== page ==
Are Centipedes dangerous?

Of the more than 3,000 types of centipedes crawling around, some are dangerous to people and pets and some aren't. In this piece, we'll dig into the most common centipede you're likely to encounter and discuss any health impact of an infestation.

By Pest Advisor Editors (Updated on Aug 03, 2021)

Fact Checked by Jason Chapman

Are Centipedes dangerous? photo

Centipedes — predatory arthropods with an impressive number of legs and rather long, segmented, bodies — are one of the scariest looking pests around. Perhaps more than any other bug, they seem to epitomize the Biblical description of “whatsoever hath more feet among all creeping things that creep upon the earth”.

Though there are more than 3,000 species of centipedes, the most common in our homes is the Scutigera coleoptrata, also known as the “house centipede”.

Whether you see them crawling in your garden or scurrying around your basement, your first question is likely to be, “are these things dangerous?”

Do Centipedes Bite?

You bet. House centipedes have impressive mandibles that are visible to the naked eye. Using these, they devour their prey, which may range from silverfish to cockroaches and bed bugs. Humans are not on their menu, however, and house centipedes will not, technically speaking, ever bite you.

Do Centipedes Sting?

Yes, they can. Using the pair of legs on their first body segment, house centipedes deliver a venom to render their prey, well, let’s say “more compliant”, before they eat them. Several larger centipede species, specifically tropical centipedes, are known to occasionally sting humans. 

House centipedes will, like other centipedes, generally avoid people — living in humid, dark, spaces close to the ground, their paths don’t cross with ours all that often, and they are definitely not interested in eating humans.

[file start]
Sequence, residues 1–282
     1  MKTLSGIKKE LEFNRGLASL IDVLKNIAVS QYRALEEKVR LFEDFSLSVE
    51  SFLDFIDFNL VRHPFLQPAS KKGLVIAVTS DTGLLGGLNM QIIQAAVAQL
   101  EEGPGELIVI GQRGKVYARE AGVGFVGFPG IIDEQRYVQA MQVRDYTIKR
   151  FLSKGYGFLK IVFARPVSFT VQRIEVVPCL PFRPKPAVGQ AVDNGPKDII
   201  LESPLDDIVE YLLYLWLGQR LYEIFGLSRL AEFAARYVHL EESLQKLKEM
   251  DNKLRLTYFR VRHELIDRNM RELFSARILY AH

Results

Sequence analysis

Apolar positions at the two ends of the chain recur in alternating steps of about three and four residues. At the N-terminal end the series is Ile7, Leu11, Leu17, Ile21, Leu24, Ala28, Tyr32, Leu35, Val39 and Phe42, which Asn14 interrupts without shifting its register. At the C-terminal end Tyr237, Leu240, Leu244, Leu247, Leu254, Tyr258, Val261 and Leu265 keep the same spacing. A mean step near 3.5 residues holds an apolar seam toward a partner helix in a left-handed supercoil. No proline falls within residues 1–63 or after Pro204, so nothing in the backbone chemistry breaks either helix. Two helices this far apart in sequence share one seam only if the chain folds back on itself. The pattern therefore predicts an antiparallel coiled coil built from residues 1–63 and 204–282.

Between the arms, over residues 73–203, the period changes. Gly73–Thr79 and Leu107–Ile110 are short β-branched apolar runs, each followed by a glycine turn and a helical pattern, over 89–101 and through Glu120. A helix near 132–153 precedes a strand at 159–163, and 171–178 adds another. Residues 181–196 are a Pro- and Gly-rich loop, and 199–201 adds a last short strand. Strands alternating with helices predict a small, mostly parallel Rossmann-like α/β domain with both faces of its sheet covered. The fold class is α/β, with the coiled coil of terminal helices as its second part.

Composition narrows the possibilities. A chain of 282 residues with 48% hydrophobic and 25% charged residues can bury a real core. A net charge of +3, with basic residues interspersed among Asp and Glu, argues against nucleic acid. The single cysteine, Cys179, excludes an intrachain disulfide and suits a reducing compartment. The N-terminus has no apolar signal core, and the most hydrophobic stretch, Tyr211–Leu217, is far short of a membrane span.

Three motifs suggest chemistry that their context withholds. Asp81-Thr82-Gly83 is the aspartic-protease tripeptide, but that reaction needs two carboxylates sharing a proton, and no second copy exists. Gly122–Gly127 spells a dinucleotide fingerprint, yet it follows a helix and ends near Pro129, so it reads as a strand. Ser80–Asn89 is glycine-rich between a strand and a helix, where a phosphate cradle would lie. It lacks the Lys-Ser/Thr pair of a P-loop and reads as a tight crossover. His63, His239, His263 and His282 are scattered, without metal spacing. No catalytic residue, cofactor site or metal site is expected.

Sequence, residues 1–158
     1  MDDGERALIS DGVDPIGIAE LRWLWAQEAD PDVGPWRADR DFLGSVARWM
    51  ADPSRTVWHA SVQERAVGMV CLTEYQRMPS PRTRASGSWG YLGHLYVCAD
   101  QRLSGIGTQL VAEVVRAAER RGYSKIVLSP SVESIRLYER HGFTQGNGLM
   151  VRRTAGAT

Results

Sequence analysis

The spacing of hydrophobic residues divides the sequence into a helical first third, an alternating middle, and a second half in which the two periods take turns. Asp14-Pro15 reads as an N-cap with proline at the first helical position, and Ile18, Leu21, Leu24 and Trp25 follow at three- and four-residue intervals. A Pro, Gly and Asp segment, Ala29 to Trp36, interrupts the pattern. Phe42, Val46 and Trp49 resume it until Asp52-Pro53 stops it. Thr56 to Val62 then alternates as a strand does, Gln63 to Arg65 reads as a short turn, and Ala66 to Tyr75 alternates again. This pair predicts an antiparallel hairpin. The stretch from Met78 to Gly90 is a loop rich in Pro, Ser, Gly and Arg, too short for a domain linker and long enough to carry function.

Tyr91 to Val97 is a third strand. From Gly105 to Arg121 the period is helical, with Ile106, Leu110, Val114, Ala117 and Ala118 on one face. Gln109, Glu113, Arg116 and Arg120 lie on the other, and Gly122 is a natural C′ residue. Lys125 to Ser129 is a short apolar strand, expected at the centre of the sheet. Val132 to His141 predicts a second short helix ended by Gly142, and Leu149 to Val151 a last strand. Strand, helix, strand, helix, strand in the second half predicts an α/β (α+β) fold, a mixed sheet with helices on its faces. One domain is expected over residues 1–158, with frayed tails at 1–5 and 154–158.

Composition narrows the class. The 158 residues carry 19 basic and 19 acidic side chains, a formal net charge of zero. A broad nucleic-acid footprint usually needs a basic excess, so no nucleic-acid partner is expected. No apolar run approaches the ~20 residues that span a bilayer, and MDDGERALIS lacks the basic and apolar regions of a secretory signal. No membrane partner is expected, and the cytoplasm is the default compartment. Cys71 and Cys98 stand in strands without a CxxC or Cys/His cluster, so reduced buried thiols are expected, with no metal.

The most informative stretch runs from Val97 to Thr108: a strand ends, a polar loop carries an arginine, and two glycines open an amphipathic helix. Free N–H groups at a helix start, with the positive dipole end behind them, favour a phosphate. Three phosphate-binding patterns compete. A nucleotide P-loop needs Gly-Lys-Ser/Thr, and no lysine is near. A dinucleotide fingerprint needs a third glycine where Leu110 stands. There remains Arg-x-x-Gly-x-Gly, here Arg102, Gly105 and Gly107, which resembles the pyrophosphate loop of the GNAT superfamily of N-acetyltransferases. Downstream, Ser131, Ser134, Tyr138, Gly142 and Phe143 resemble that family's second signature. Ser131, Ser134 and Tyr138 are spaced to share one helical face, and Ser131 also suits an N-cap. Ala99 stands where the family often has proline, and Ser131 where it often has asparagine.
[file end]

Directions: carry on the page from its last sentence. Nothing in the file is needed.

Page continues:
There is a caveat, however. When you come across a centipede, it will typically scurry away, fearing you more than you fear it. However, if you leave a house centipede no way to escape and it feels threatened, it may deliver a sting.

The venom it carries is too weak to affect most people. If you are not sure whether you were stung by a house centipede or a larger tropical centipede, however, it is still best to call poison control. That is especially true if you notice symptoms like localized swelling, difficulty breathing, dizziness, hives, or a fever. These may indicate that the site has become infected, or that you are experiencing a serious allergic reaction. 

Are Centipedes Dangerous to Pets?

House centipedes do not pose a danger to most cats and dogs. Just as they run away from people, these smaller centipedes will attempt to find refuge from your pets, too.

If your cat or dog is stung by a house centipede, it will not usually be a serious health threat. Larger tropical centipedes may, however, affect cats and dogs in the same way as people — but more strongly, given these pets’ smaller bodies. Should this happen, it is best to seek veterinary assistance.

Are Centipedes Bad for Your Garden?

Centipedes are predatory bugs, meaning they eat insects and arachnids. Many of centipedes’ food sources threaten the health of your plants, flowers, and seedlings. As such, centipedes may actively be helpful in your garden. 

It is, however, important to note that not all long bugs with numerous legs are centipedes.

Millipedes are also arthropods with numerous legs. Unlike centipedes, millipedes thrive on a diet of decaying and vulnerable plant matter. They have more segments, more but thinner legs, and rounder bodies compared to centipedes. Some millipedes target seedlings, making them a danger in the garden.

Do Centipedes Pose a Danger in the Home?

Found within your home, house centipedes do not pose a danger to your health or your property.

They only eat harmful pest bugs that you’d be glad to be rid of, and don’t threaten the structural integrity of your home. Because centipedes are attracted to moisture and high humidity, their presence can, on the other hand, indicate that your home either has a localized moisture problem or an issue with high humidity levels. Both of these could be a risk to your property as well as your health.

Spotting centipedes in your home may, therefore, indicate that you need to call in repair professionals to deal with leaks or install a dehumidifier to tackle systemic excess humidity.

Citations and Credits

Photo by Brian Bald / CC BY

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